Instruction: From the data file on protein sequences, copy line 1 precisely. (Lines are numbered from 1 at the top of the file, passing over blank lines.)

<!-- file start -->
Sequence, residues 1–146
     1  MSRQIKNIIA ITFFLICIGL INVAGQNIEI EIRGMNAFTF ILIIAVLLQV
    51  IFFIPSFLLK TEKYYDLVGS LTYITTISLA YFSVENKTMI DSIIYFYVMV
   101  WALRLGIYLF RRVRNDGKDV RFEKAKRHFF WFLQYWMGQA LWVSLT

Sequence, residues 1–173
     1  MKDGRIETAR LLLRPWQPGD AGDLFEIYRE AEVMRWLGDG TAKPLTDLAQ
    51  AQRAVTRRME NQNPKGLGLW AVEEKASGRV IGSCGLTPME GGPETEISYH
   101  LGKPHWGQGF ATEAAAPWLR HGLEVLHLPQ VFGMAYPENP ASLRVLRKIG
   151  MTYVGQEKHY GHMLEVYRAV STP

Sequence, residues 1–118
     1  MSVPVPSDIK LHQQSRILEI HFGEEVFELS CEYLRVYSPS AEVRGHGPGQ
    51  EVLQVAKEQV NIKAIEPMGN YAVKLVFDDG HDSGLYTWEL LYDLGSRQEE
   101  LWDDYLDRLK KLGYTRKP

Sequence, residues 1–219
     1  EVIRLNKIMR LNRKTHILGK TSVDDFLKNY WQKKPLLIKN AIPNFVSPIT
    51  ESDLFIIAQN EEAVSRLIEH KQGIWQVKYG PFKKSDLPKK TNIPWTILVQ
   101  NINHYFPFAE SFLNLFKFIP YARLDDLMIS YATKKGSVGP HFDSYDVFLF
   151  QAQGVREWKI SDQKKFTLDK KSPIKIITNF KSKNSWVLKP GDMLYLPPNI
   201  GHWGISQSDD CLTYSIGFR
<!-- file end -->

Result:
Sequence, residues 1–146